Subject The moving freeze-frame, an eye-popping camera trick currently seen in commercials for Gap Khakis, Miller Genuine Draft, and Clairol.

Synopsis The Gap ad boasts a typical example of the effect: As a bunch of exuberant dancers bound through some high-energy swing moves, the action suddenly freezes. The camera then quickly pans around the static hepcats—one of them in midair. Then the action picks up again seamlessly, starting from the new perspective.

Back Story The effect has the murky origins of a good joke—everyone wants to say that they were the first to use it. Inventor/filmmaker Dayton Taylor, who has created moving freeze-frame spots for Miller, Samsung, and Blockbuster Video, claims that he came up with the idea for his Timetrack virtual-camera system (which uses a computer-controlled camera with 25 to 40 lenses) back in 1985, when he was a student at the University of Colorado. Meanwhile, a French special-effects company called BUF, Inc., claims that it developed the mobile freeze-frame technique; they unveiled its effect in 1995’s Rolling Stones video “Like a Rolling Stone.” BUF’s method, which uses 2 to 12 synchronized cameras, has recently been seen in the Gap ad, as well as in spots for Smirnoff vodka and Coca-Cola. “People can find other ways to make similar effects,” says BUF producer Pasquale Croce. “The difference is we have good experience.”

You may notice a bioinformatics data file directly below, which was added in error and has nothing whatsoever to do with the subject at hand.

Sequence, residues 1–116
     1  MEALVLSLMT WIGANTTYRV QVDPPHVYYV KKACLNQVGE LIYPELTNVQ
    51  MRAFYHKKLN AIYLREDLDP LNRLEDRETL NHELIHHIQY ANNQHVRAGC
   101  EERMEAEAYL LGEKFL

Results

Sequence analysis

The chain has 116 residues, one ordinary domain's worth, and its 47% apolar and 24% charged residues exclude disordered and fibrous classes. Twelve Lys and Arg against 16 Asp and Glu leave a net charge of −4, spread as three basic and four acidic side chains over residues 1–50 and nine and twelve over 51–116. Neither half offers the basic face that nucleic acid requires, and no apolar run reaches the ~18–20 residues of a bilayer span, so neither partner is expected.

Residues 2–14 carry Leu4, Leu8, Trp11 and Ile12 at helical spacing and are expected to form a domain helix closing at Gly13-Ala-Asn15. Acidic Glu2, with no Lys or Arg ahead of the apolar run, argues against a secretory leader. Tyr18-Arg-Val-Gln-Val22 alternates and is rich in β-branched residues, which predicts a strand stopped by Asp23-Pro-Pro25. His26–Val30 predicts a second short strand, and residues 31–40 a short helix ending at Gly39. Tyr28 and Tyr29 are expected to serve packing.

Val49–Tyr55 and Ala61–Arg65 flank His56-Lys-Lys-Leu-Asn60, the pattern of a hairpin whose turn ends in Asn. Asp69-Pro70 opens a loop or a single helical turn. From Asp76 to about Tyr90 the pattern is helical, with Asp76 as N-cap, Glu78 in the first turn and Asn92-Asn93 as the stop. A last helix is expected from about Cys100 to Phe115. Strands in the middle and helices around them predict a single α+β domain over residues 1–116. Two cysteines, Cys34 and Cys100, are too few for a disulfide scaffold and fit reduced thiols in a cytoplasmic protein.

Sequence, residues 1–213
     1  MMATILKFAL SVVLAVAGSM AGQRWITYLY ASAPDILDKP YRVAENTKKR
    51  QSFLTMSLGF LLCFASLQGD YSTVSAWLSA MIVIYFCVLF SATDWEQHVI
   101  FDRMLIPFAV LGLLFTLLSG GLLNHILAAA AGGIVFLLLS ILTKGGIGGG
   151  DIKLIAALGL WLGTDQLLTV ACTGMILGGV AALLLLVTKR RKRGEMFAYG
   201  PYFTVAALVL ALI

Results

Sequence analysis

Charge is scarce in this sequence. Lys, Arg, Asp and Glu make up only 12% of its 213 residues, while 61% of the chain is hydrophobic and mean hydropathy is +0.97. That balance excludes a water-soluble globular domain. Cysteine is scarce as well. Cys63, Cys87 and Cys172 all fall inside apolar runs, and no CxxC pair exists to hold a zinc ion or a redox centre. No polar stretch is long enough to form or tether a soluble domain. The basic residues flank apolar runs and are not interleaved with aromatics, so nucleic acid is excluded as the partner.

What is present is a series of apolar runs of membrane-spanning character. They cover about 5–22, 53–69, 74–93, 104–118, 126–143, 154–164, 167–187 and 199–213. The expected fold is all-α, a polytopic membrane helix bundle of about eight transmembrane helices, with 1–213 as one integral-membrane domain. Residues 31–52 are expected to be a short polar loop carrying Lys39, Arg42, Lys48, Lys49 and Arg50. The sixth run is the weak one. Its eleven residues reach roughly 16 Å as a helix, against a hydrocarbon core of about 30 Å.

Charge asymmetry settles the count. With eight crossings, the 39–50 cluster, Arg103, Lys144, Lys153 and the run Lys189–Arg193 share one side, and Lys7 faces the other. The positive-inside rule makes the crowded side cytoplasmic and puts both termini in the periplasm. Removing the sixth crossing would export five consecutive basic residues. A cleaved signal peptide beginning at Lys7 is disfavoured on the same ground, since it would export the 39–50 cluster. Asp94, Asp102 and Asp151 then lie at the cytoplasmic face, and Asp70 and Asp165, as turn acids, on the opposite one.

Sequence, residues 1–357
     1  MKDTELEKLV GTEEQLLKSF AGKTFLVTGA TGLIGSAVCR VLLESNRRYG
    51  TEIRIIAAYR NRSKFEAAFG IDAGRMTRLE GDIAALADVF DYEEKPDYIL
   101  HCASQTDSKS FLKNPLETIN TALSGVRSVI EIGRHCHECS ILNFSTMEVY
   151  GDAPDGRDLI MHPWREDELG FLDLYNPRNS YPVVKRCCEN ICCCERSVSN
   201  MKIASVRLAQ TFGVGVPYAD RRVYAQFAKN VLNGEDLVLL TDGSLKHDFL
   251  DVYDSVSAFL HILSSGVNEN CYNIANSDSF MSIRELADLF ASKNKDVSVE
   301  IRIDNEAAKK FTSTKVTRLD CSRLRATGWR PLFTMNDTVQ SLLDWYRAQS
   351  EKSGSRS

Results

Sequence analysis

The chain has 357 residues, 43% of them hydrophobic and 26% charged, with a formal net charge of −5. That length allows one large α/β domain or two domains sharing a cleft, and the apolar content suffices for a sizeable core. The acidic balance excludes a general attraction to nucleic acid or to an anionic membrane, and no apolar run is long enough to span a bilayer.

Cultural Significance Get set for the big freeze. “We’re getting many requests,” says Croce. “It is a golden moment for this.” Expect to see movable frozen frames pop up in everything from CBS’ new network promos to feature-film projects (Taylor’s system caught the fancy of Steven Spielberg, who wrote the inventor saying he was “trying to think about applications” for the technique in films). Which raises the spectre of overexposure. “I’m disturbed to see the idea is so popular,” says Taylor, “because people will get sick of it if it’s not done well.”